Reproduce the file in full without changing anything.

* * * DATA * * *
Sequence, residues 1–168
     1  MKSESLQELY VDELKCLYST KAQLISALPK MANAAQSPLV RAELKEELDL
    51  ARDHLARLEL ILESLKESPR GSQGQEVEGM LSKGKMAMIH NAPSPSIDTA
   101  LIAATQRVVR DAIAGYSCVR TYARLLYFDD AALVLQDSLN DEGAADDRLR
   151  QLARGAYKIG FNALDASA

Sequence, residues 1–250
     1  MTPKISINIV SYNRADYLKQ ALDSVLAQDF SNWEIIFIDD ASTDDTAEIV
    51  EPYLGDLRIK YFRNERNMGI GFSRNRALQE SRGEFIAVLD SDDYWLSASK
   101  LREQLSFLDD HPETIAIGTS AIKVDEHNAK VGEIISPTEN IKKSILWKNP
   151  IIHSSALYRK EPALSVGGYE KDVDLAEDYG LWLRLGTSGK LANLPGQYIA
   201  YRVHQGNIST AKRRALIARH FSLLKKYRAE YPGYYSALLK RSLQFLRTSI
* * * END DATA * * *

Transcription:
Sequence, residues 1–168
     1  MKSESLQELY VDELKCLYST KAQLISALPK MANAAQSPLV RAELKEELDL
    51  ARDHLARLEL ILESLKESPR GSQGQEVEGM LSKGKMAMIH NAPSPSIDTA
   101  LIAATQRVVR DAIAGYSCVR TYARLLYFDD AALVLQDSLN DEGAADDRLR
   151  QLARGAYKIG FNALDASA

Sequence, residues 1–250
     1  MTPKISINIV SYNRADYLKQ ALDSVLAQDF SNWEIIFIDD ASTDDTAEIV
    51  EPYLGDLRIK YFRNERNMGI GFSRNRALQE SRGEFIAVLD SDDYWLSASK
   101  LREQLSFLDD HPETIAIGTS AIKVDEHNAK VGEIISPTEN IKKSILWKNP
   151  IIHSSALYRK EPALSVGGYE KDVDLAEDYG LWLRLGTSGK LANLPGQYIA
   201  YRVHQGNIST AKRRALIARH FSLLKKYRAE YPGYYSALLK RSLQFLRTSI